Book Image

IoT and Edge Computing for Architects - Second Edition

By : Perry Lea
Book Image

IoT and Edge Computing for Architects - Second Edition

By: Perry Lea

Overview of this book

Industries are embracing IoT technologies to improve operational expenses, product life, and people's well-being. An architectural guide is needed if you want to traverse the spectrum of technologies needed to build a successful IoT system, whether that's a single device or millions of IoT devices. IoT and Edge Computing for Architects, Second Edition encompasses the entire spectrum of IoT solutions, from IoT sensors to the cloud. It examines modern sensor systems, focusing on their power and functionality. It also looks at communication theory, paying close attention to near-range PAN, including the new Bluetooth® 5.0 specification and mesh networks. Then, the book explores IP-based communication in LAN and WAN, including 802.11ah, 5G LTE cellular, Sigfox, and LoRaWAN. It also explains edge computing, routing and gateways, and their role in fog computing, as well as the messaging protocols of MQTT 5.0 and CoAP. With the data now in internet form, you'll get an understanding of cloud and fog architectures, including the OpenFog standards. The book wraps up the analytics portion with the application of statistical analysis, complex event processing, and deep learning models. The book then concludes by providing a holistic view of IoT security, cryptography, and shell security in addition to software-defined perimeters and blockchains.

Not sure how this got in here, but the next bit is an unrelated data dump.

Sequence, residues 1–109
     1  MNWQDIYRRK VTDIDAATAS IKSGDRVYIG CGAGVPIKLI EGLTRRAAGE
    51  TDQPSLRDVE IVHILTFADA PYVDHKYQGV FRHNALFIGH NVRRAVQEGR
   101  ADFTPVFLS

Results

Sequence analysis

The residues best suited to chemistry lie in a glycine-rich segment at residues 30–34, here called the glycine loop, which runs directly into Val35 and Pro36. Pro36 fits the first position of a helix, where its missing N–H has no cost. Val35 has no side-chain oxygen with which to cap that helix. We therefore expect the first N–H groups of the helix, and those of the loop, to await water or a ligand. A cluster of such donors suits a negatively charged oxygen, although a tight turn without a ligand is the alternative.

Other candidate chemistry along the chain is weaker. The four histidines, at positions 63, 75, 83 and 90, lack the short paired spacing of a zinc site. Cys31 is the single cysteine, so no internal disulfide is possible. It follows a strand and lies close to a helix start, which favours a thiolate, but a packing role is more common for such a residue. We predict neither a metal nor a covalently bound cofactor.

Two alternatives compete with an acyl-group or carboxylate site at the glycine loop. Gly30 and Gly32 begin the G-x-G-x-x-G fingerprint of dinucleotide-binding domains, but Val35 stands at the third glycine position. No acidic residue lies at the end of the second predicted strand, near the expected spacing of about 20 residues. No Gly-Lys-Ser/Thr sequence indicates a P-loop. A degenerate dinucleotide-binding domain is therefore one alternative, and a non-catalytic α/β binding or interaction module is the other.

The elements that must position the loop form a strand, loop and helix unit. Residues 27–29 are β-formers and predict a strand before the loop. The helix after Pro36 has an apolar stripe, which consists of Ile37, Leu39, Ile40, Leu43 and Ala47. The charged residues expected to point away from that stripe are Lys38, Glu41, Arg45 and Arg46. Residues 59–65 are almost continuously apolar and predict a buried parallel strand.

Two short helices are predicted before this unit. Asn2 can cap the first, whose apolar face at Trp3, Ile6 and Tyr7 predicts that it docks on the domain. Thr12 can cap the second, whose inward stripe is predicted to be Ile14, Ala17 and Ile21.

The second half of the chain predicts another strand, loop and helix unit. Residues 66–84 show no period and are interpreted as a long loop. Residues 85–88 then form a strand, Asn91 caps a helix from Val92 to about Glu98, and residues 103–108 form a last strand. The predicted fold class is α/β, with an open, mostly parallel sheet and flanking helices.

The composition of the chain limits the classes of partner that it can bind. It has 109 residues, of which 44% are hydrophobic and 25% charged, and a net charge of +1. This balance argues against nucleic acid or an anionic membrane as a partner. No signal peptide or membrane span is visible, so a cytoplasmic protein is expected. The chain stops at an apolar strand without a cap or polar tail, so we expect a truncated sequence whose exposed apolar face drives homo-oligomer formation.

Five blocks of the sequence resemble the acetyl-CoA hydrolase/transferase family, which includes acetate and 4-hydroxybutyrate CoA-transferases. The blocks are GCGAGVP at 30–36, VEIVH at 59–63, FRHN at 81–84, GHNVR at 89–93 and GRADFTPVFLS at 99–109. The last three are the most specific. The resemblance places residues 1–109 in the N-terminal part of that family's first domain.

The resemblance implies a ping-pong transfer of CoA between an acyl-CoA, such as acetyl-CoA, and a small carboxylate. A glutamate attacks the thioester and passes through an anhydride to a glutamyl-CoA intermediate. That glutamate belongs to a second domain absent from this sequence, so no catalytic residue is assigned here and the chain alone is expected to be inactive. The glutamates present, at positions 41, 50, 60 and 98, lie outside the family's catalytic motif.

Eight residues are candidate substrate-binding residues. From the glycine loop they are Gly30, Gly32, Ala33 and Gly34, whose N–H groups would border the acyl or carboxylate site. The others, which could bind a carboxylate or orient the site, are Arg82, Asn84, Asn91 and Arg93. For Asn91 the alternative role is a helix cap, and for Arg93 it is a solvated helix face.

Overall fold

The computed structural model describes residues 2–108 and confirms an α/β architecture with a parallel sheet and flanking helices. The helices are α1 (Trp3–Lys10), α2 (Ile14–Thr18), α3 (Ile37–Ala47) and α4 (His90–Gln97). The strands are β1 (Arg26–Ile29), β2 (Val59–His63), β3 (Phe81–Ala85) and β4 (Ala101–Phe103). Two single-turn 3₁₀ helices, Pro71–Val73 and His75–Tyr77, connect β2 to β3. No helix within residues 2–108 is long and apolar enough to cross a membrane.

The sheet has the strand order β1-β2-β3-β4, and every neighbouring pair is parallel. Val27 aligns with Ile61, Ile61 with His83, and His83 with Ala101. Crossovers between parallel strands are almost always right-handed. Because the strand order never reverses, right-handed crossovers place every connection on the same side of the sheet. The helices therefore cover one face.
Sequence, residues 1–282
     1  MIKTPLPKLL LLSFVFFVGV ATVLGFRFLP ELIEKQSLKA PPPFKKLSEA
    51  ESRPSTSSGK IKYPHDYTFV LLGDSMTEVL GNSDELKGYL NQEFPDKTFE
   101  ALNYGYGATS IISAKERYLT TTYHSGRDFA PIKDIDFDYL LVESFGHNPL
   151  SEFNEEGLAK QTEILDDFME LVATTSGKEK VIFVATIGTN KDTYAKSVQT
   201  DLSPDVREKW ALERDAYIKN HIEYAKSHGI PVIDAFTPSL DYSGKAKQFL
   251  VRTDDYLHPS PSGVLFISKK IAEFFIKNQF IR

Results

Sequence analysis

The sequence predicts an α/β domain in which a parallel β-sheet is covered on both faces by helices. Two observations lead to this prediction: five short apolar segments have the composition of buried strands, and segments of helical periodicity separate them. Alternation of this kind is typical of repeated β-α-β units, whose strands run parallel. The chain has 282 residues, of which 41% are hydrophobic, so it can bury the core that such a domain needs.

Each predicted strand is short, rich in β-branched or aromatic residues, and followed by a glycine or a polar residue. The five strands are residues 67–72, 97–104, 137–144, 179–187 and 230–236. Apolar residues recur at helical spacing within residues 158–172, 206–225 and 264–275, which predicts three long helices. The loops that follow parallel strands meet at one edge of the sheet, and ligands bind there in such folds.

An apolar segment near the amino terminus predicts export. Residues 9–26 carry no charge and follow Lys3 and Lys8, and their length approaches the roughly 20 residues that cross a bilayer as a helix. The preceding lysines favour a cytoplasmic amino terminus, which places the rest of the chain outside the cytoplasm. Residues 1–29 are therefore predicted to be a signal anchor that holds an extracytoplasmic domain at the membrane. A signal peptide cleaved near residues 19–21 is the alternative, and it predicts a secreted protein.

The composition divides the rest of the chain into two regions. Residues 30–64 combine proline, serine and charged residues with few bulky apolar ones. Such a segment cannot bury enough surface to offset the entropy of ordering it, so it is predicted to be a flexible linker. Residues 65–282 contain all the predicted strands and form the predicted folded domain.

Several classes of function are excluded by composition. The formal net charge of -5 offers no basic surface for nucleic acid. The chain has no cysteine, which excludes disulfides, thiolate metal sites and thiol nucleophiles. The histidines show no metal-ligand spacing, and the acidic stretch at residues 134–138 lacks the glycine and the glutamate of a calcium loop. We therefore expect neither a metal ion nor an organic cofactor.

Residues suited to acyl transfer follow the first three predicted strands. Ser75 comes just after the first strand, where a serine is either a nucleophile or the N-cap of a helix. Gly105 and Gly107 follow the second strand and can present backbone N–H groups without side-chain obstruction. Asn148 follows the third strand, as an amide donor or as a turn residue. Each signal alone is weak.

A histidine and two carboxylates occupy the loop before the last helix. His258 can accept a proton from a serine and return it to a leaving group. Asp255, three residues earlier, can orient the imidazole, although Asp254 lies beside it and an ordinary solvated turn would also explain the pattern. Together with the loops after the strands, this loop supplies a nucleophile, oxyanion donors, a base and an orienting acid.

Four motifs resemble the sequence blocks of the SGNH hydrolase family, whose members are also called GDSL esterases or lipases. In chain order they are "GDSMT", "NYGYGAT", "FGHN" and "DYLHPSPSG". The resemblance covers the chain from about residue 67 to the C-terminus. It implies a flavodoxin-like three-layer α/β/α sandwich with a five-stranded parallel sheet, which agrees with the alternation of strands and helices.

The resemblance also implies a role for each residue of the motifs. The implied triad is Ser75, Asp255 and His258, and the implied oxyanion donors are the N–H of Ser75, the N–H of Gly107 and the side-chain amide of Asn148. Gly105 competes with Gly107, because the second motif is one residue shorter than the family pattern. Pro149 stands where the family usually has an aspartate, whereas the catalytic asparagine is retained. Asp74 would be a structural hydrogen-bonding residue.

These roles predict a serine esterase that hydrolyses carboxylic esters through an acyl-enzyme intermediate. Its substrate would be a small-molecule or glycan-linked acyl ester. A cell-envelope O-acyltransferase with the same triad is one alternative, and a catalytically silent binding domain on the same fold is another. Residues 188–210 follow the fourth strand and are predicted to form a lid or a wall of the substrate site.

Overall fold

Table of Contents (17 chapters)
Other Books You May Enjoy

Edge use cases

Edge systems are collocated as shown in the preceding figure, close to where data is generated or people are located. Currently, about 20% of data in enterprises is collected outside of corporate walls. Gartner predicts that by 2023 up to 75% of corporate and enterprise data will be collected and managed by systems outside the physical borders of enterprise IT and data centers.

Edge computing serves four primary usage patterns:

  • Reduced latency: Edge systems can be placed closer to end users and services. This naturally can avoid various network hops and propagation. Certain latency-sensitive applications, such as cloud-based gaming and video streaming, have strict real-time latency and performance requirements. This also includes devices that need real-time decision-making or the execution of rules engines for safety-critical machinery.
  • Bandwidth preservation: Certain environments have limited bandwidth to and/or from the edge system. In other...